And it's still a topic of intense basic research at academic incubators
like the alma mater of Google's founders, Stanford
Nowadays, Broder says, virtually every large
search engine does some form of link crunching and has ranking functions
that order the results. These ranking algorithms are
closely guarded secrets. "They are the magic sauce in the recipe,"
Broder explains. At Google, a system called PageRank
measures the importance of Web pages by "solving an equation of 500
million variables and more than 2 billion terms,"
according to Google's Web site. Says Henzinger, "The idea is that every
link is a vote for a Web page, but the votes are weighted by the
importance of the linking page."
According to Broder, the goal of a third
generation of search engines now on the drawing boards "is to figure out
the intent behind the query." By looking at patterns of
searches and incorporating machine intelligence, software may anticipate
what an engine user really wants. That knowledge should
help it narrow and focus the search.
Future search technology will also begin to track
its human users much more closely--for example, divining that a query
about "Mustang" refers to the car, not the animal. In
its Inquirus-2 project, for instance, NEC has been looking at ways to
reformulate a query based on the user's information needs
before zipping it off to other search engines. Other search engines are
starting to present the results in a file cabinet stack of
Privacy issues aside, the ramp-up in search engine
power is bound to benefit scientists. An example of a specialized search engine for scientists is Scirus, a joint venture
launched in April between FAST, a Norwegian search engine company, and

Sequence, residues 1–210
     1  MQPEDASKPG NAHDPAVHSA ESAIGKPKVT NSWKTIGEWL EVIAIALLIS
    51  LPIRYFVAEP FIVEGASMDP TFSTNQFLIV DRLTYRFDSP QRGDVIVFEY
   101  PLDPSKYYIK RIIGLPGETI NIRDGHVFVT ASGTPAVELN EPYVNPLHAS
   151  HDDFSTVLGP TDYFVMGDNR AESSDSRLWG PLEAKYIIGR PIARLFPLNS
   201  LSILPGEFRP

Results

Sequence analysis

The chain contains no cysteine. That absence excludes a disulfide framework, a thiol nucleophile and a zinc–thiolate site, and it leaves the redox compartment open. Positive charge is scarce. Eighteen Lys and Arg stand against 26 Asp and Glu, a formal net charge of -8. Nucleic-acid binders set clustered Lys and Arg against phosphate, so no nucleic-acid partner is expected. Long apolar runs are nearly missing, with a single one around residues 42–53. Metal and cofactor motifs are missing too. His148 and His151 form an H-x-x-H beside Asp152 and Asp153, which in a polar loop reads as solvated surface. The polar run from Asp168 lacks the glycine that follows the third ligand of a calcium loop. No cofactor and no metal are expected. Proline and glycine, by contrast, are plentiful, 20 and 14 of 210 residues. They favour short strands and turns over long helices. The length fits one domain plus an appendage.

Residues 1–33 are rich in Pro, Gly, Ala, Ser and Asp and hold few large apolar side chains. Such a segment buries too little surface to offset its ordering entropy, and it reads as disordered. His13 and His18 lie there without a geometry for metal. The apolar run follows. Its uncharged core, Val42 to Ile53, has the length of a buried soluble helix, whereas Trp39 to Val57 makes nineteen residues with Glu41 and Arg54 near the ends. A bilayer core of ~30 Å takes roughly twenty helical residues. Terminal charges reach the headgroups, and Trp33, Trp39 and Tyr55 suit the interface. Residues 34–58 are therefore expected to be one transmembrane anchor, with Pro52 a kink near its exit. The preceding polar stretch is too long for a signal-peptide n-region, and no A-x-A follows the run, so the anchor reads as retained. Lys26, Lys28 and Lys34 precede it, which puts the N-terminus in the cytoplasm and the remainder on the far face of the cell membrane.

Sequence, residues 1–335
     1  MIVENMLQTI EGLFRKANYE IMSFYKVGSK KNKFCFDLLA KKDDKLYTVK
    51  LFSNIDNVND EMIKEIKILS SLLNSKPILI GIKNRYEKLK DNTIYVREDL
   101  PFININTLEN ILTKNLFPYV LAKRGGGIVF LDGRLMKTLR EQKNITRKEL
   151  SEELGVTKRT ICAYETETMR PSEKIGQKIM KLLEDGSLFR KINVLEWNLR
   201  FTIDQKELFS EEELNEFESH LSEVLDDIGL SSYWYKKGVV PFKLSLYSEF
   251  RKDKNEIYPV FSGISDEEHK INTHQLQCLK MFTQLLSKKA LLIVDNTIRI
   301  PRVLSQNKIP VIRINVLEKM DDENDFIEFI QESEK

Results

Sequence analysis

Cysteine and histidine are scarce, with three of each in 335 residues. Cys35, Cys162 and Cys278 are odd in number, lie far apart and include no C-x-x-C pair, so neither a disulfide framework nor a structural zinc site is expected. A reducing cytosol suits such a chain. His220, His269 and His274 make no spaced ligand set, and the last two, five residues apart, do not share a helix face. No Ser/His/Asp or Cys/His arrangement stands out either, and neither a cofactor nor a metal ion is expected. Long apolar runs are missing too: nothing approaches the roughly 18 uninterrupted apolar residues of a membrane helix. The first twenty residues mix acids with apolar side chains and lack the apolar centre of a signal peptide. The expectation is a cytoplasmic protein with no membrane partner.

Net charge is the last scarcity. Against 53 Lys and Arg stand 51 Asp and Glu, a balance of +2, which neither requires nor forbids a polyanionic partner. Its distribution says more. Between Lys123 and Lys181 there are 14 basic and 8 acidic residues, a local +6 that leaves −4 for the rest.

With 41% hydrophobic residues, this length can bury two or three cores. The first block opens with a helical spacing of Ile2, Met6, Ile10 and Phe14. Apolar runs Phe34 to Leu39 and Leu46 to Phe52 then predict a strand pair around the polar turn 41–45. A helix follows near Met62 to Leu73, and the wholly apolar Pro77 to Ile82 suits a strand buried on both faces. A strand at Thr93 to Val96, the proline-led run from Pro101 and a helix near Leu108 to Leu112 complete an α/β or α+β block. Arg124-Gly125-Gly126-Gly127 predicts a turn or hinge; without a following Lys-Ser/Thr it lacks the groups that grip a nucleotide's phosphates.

the Elsevier Science publishing group. Scirus is a
search interface that taps into Elsevier's proprietary journal content
while simultaneously searching the Web for the same key
words. "We found that scientists were searching proprietary databases as well as the Web," says Femke Markus, Elsevier's
project manager for Scirus. "Wouldn't it be ideal to have one search
engine to do both? We [also] would like to let people know
that we have journals that might be useful to them."
FAST's chief technology officer, John Lervik, says
that Scirus was designed to filter search results to present matches
only from Web pages with scientific content. "For the Web
content, we filter on the basis of some attributes like domain. A Web
site ending in '.edu' is more likely to have scientific
content, for instance." More important, he says, "we can do automatic categorization to estimate whether something is
scientific content or not." And like Google, Scirus also searches
content in PDF files, a document format widely used in scientific
Such searching power does raise perils. Some users
fear that tailored search engines might promote the Web content of one publisher under the guise of an omniscient search
engine. Queries to Scirus, for example, yield not only free Web content
at universities and research labs but also links to
subscriber-only content in the Elsevier journals and MEDLINE.